(3) Where the security contract is signed and approved by the shareholders that individually or jointly hold more than two thirds of voting rights of the company.

From the above, we can see that compared to the regulations before, the Draft provides more protection to creditors in this regard.

2. Statutory Joint and Several Guarantee

According to Article 19 of the Judicial Interpretation of the SPC on Certain Issues Regarding the Application of the PRC Security Law (the "Old Interpretation"), which will be abolished on 1 January 2021, if two or more guarantors simultaneously or separately secure the same debt, but the guarantors and the creditor have not agreed on the extent of their respective guarantee obligations, the guarantee shall be deemed to be a joint and several guarantee. Thus, in the past, it sometimes happened that guarantors although they do not know each other but since there was no agreement on the extent of a guarantee obligation, they ended up being jointly and severally liable. After one of the guarantors assumed the guarantee obligation, the other guarantors are still obliged to internally make compensations to this guarantor accordingly.

This has been changed in the Draft. According to Article 13 of the Draft, if the security providers have not agreed on the extent of their respective security obligations, and the security does not constitute a joint and several security, if a security provider has assumed the security obligations and requests other security providers to share the loss that cannot be recovered from the debtor, the People’s Court shall not support such claim. From such provision we can conclude that lack of agreement on the extent of guarantee obligation does not lead to the result that the guarantee is a joint and several guarantee anymore.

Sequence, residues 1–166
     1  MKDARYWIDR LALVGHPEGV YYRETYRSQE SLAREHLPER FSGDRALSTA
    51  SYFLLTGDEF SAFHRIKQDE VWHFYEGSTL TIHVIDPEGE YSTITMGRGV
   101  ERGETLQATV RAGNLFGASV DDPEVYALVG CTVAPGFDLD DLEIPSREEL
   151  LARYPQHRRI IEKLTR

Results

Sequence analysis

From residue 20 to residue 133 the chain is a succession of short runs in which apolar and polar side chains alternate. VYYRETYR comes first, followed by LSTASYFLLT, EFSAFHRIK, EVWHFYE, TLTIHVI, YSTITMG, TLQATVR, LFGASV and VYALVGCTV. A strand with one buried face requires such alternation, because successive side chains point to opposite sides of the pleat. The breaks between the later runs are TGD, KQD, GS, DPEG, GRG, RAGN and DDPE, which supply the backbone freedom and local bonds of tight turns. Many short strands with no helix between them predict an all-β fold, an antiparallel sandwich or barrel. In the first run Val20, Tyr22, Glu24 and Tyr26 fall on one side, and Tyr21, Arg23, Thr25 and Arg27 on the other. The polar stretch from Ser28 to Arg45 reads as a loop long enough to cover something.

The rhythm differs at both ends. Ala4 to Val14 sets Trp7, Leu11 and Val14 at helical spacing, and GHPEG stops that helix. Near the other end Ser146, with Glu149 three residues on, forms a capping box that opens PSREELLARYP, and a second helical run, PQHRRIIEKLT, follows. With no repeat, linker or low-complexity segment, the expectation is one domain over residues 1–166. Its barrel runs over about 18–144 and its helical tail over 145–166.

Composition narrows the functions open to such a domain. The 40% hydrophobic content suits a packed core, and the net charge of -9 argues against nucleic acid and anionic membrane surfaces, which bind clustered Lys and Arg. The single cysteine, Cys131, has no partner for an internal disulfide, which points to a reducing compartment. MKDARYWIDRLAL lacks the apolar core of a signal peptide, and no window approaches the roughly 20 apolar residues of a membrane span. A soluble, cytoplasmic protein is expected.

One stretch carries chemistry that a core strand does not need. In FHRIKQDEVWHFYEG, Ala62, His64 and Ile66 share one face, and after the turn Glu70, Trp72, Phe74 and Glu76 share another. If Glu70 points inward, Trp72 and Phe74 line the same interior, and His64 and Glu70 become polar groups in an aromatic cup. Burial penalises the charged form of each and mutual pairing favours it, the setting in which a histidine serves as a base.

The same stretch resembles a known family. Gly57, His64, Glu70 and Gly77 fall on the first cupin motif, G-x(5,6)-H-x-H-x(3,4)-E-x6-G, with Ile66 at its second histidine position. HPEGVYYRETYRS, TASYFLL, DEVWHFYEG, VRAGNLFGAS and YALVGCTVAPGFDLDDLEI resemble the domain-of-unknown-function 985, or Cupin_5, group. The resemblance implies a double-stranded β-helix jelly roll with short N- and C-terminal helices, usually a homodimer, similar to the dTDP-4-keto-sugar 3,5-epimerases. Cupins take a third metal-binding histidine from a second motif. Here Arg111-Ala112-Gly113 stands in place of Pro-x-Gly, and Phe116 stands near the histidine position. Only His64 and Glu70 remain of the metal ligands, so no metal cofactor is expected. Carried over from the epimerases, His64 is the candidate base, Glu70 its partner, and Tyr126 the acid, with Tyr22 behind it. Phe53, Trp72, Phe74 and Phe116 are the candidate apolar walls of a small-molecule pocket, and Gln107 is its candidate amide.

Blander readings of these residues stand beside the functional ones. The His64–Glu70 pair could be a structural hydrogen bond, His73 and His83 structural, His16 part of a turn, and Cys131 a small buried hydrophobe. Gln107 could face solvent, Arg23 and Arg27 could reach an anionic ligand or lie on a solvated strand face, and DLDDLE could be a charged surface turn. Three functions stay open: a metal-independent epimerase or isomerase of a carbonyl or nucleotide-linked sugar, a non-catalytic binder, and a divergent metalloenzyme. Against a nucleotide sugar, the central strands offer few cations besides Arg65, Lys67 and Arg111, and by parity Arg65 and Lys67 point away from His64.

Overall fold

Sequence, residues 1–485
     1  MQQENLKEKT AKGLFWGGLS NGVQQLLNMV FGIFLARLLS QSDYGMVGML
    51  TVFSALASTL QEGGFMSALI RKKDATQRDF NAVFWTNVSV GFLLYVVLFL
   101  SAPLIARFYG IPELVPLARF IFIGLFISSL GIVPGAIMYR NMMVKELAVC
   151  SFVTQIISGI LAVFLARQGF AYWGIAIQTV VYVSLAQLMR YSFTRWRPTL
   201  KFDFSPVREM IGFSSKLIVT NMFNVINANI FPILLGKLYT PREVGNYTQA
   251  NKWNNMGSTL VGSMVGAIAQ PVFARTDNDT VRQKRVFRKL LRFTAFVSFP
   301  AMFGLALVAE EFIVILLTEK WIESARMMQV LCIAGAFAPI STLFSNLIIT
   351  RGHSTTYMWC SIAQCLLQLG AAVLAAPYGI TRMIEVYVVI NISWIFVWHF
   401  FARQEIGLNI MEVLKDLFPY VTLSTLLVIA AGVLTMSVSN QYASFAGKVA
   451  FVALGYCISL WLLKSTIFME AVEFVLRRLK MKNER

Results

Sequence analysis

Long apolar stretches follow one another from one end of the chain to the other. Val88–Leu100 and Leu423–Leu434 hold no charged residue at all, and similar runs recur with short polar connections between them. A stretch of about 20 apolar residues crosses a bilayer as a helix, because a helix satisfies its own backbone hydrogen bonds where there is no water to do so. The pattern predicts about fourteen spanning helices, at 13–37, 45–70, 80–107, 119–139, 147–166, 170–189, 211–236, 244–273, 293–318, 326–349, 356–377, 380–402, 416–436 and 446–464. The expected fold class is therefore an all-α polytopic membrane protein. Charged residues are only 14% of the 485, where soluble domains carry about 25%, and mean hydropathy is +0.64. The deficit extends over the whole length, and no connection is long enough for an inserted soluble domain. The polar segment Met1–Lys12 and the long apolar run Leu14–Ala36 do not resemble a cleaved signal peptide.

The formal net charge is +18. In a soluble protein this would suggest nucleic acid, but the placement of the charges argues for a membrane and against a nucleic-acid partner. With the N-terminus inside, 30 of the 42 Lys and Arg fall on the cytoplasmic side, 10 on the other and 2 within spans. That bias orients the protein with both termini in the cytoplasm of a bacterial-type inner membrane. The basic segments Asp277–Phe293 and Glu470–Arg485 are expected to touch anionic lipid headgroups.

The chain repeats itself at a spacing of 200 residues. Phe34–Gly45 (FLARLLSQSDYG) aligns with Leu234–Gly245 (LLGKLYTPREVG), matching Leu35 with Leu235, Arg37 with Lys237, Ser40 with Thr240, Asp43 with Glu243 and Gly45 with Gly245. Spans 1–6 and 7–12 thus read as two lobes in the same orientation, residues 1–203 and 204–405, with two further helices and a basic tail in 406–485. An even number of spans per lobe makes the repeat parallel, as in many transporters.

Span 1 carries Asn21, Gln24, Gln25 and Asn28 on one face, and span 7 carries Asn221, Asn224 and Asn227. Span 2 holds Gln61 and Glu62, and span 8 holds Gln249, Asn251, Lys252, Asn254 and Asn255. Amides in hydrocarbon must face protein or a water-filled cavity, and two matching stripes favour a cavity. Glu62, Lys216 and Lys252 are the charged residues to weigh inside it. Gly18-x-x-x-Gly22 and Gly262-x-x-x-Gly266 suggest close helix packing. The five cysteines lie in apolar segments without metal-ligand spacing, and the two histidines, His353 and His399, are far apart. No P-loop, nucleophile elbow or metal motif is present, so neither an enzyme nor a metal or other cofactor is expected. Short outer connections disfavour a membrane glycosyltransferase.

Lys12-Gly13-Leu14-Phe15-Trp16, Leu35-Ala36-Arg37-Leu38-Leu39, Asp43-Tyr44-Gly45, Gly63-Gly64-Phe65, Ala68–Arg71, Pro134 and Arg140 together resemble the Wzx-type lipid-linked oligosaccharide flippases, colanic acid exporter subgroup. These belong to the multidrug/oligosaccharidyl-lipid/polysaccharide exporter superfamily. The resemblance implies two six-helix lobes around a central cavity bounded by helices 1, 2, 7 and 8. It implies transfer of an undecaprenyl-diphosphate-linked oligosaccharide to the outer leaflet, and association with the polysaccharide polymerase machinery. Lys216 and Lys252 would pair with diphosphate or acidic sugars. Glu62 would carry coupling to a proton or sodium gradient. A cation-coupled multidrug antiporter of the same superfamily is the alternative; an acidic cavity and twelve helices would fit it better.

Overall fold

If the Draft will be enacted, a guarantee will only be a joint and several guarantee, if one of the following circumstances is fulfilled: (i) if it is expressly stipulated in the guarantee agreement that it is a joint and several guarantee; or (ii), according to Article 13 of the Draft, if several guarantors sign, seal or press their fingerprints on the same contract.

3. Security Obligations under the Circumstance of Insolvency

When the People's Court accepts the insolvency application of a debtor during the validity term of a security, the creditor may either file his claim with the People's Court in order to participate in the insolvency proceedings to get compensations or make a claim directly against the security provider.

In case that the creditor fails to get fully compensated during the insolvency proceedings, the creditor is entitled to request the security provider to assume the obligation under the security for the portion of the creditor's claim that remains unpaid in the insolvency proceedings. Same as the provisions in the Old Interpretation, the Draft stipulates that the creditor shall make such request within six months of the date on which the Insolvency proceedings are terminated.

Compared to the Old Interpretations, the Draft further provides the circumstance that the creditor files a lawsuit in the People’s Court to request the security provider to assume the security obligation after it has filed the creditor’s claims in the insolvency proceedings. Under such circumstance, the People's Court can directly rule the security provider to assume the security obligation and it shall be clearly stated in the judgment that the security provider shall be entitled to replace the creditor in the insolvency proceedings in order to get compensation.